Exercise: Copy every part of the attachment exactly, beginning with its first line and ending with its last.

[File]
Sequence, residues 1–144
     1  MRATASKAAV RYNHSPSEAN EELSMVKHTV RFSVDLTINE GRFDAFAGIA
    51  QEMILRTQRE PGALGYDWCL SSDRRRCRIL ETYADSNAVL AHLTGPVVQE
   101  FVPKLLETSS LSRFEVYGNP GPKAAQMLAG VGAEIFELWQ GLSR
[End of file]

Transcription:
Sequence, residues 1–144
     1  MRATASKAAV RYNHSPSEAN EELSMVKHTV RFSVDLTINE GRFDAFAGIA
    51  QEMILRTQRE PGALGYDWCL SSDRRRCRIL ETYADSNAVL AHLTGPVVQE
   101  FVPKLLETSS LSRFEVYGNP GPKAAQMLAG VGAEIFELWQ GLSR